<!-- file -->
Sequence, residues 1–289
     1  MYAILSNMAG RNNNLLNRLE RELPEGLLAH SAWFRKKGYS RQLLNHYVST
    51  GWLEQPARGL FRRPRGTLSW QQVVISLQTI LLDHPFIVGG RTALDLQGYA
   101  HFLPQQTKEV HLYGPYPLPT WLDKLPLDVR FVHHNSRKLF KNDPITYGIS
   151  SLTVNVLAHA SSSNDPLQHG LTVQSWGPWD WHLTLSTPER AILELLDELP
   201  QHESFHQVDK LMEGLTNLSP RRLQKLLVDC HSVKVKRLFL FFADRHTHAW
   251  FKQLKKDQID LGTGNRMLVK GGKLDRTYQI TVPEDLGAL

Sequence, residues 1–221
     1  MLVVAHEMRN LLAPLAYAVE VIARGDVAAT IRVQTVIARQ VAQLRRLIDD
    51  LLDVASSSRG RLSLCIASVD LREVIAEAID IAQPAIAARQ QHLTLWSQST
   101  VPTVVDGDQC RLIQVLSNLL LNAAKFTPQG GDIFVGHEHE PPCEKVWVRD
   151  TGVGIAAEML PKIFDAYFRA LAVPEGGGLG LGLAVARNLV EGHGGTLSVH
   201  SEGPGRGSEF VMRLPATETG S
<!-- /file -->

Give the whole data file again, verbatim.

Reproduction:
Sequence, residues 1–289
     1  MYAILSNMAG RNNNLLNRLE RELPEGLLAH SAWFRKKGYS RQLLNHYVST
    51  GWLEQPARGL FRRPRGTLSW QQVVISLQTI LLDHPFIVGG RTALDLQGYA
   101  HFLPQQTKEV HLYGPYPLPT WLDKLPLDVR FVHHNSRKLF KNDPITYGIS
   151  SLTVNVLAHA SSSNDPLQHG LTVQSWGPWD WHLTLSTPER AILELLDELP
   201  QHESFHQVDK LMEGLTNLSP RRLQKLLVDC HSVKVKRLFL FFADRHTHAW
   251  FKQLKKDQID LGTGNRMLVK GGKLDRTYQI TVPEDLGAL

Sequence, residues 1–221
     1  MLVVAHEMRN LLAPLAYAVE VIARGDVAAT IRVQTVIARQ VAQLRRLIDD
    51  LLDVASSSRG RLSLCIASVD LREVIAEAID IAQPAIAARQ QHLTLWSQST
   101  VPTVVDGDQC RLIQVLSNLL LNAAKFTPQG GDIFVGHEHE PPCEKVWVRD
   151  TGVGIAAEML PKIFDAYFRA LAVPEGGGLG LGLAVARNLV EGHGGTLSVH
   201  SEGPGRGSEF VMRLPATETG S